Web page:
What is a Patent? - Definition & Overview

Instructor: Shawn Grimsley
Patents are an important part of intellectual property rights. In this lesson, you'll learn what a patent is and some of the key concepts related to it. A short quiz follows the lesson.


In the United States, a patent is a right granted by the federal government that prohibits anyone but the owner of an invention from making, using or selling it for a specific period of time. The U.S. government has the power to grant patents pursuant to Article I, Section 8, Clause 8 of the Constitution. Patents are currently effective for 20 years from the filing date. The legal document that grants an inventor a patent is called letters patent.

Conceptual Framework

A patent is considered personal property of the inventor. Once the inventor is granted a patent, she may transfer her patent rights to another. For example, a research company may employ a scientist who invents a new medical device. Once the patent is granted, the scientist will transfer the patent to the company as part of her contract with the employer.

A patent holder also has the ability to grant a license to another person or entity to use the invention in return for payment of a fee or royalty. For example, a company may hold a patent on a machine but then decide it really doesn't want to manufacture or market that machine. Instead, the company decides to license the right to manufacture and sell the machines to one or more companies who will pay the patent holder a certain percentage of each sale called a royalty.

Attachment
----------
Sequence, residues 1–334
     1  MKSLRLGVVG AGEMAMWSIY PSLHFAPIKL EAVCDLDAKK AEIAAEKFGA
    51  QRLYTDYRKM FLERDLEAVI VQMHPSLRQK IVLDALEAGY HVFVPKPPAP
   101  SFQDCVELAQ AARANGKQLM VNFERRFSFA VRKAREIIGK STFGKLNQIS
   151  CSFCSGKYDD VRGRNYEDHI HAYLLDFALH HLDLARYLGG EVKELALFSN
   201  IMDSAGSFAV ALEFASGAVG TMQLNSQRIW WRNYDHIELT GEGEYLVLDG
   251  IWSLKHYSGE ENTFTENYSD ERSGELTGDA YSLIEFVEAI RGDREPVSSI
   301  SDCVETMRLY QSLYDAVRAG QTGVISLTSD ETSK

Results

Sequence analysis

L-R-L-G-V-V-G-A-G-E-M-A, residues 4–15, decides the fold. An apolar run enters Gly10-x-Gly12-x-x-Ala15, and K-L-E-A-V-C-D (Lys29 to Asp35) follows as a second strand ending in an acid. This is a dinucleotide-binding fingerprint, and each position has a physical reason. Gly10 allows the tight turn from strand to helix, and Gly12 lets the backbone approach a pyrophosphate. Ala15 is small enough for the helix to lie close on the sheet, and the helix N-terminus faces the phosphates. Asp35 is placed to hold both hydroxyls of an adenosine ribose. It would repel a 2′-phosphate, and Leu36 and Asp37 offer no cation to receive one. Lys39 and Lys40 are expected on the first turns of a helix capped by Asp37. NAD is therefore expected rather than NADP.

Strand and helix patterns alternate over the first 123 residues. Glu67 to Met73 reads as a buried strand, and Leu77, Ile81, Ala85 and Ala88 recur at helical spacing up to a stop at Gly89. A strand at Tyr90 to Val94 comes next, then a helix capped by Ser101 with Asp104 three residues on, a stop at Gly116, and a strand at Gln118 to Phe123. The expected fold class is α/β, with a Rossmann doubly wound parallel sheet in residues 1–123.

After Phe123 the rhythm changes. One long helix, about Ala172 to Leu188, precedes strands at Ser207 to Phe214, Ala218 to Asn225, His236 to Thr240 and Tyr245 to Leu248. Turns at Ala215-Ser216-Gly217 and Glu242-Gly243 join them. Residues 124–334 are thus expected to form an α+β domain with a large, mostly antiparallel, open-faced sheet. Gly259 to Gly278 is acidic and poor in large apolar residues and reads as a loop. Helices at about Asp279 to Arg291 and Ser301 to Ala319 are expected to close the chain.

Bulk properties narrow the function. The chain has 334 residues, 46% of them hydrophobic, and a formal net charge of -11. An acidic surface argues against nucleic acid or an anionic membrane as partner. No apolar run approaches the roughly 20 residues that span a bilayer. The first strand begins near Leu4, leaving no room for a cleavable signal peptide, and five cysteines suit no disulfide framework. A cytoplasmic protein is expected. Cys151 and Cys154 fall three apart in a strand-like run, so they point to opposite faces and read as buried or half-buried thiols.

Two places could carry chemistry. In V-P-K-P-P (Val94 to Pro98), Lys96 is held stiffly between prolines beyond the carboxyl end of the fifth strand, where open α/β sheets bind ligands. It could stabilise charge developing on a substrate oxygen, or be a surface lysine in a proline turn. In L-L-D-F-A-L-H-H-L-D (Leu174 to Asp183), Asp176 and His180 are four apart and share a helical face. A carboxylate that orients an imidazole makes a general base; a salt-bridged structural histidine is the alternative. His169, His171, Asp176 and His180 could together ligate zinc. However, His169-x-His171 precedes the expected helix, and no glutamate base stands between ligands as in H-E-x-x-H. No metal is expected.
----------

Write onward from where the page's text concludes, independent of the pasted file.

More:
You should note that inventors are not required to patent their inventions. They can freely give the invention to the world and allow others to replicate it. Alternatively, they can hold the invention's design as a trade secret. When you apply for a patent, you must submit a patent application to the U.S. Patent and Trade Office which describes the invention in detail. If a patent is granted, the design of the invention can be discovered by the public. The advantage of a trade secret is that you can keep the design a secret, but you will not have the same legal protections a patent provides you.

Patent Requirements

The federal government provides a broad definition of what is patentable. The Patent Act provides that the following can be patented: 'any new or useful process, machine, manufacture, composition of matter, or any new and useful improvement thereof.'

The Patent Act goes on to define these terms, but we won't get that far down into the weeds in this lesson. It is important to note that things that occur naturally in nature are not patentable. In fact, the United States Supreme Court recently ruled in 2013 that human genes couldn't be patented.

An invention must meet three elements in order to be patentable:

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